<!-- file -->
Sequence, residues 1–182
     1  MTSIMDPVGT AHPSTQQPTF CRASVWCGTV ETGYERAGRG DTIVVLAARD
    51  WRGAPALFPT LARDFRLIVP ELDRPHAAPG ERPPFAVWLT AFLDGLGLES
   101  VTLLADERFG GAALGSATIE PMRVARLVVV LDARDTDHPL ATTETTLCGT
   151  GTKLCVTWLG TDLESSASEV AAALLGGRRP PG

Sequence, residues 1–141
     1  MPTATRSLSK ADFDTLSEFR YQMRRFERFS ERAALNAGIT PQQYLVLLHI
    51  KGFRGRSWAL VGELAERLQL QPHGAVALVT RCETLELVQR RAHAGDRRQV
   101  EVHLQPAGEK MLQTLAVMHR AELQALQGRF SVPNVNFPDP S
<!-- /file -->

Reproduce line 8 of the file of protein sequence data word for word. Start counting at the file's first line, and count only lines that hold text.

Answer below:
    51  KGFRGRSWAL VGELAERLQL QPHGAVALVT RCETLELVQR RAHAGDRRQV